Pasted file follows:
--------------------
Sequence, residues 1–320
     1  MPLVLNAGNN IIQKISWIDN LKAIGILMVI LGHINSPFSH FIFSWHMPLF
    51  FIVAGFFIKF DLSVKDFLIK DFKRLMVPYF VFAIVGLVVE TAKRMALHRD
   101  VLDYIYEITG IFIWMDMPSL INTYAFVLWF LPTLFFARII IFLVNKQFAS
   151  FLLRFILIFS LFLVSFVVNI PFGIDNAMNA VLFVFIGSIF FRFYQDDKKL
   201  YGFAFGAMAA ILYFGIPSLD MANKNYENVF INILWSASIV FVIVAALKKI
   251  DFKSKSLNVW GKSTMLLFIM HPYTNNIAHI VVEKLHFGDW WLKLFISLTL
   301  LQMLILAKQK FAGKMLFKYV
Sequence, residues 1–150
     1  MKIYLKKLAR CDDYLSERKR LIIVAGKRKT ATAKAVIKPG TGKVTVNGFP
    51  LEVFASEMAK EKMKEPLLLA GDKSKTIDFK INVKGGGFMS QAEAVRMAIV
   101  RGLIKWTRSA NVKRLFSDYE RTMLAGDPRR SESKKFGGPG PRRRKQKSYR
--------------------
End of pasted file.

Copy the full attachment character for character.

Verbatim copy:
Sequence, residues 1–320
     1  MPLVLNAGNN IIQKISWIDN LKAIGILMVI LGHINSPFSH FIFSWHMPLF
    51  FIVAGFFIKF DLSVKDFLIK DFKRLMVPYF VFAIVGLVVE TAKRMALHRD
   101  VLDYIYEITG IFIWMDMPSL INTYAFVLWF LPTLFFARII IFLVNKQFAS
   151  FLLRFILIFS LFLVSFVVNI PFGIDNAMNA VLFVFIGSIF FRFYQDDKKL
   201  YGFAFGAMAA ILYFGIPSLD MANKNYENVF INILWSASIV FVIVAALKKI
   251  DFKSKSLNVW GKSTMLLFIM HPYTNNIAHI VVEKLHFGDW WLKLFISLTL
   301  LQMLILAKQK FAGKMLFKYV
Sequence, residues 1–150
     1  MKIYLKKLAR CDDYLSERKR LIIVAGKRKT ATAKAVIKPG TGKVTVNGFP
    51  LEVFASEMAK EKMKEPLLLA GDKSKTIDFK INVKGGGFMS QAEAVRMAIV
   101  RGLIKWTRSA NVKRLFSDYE RTMLAGDPRR SESKKFGGPG PRRRKQKSYR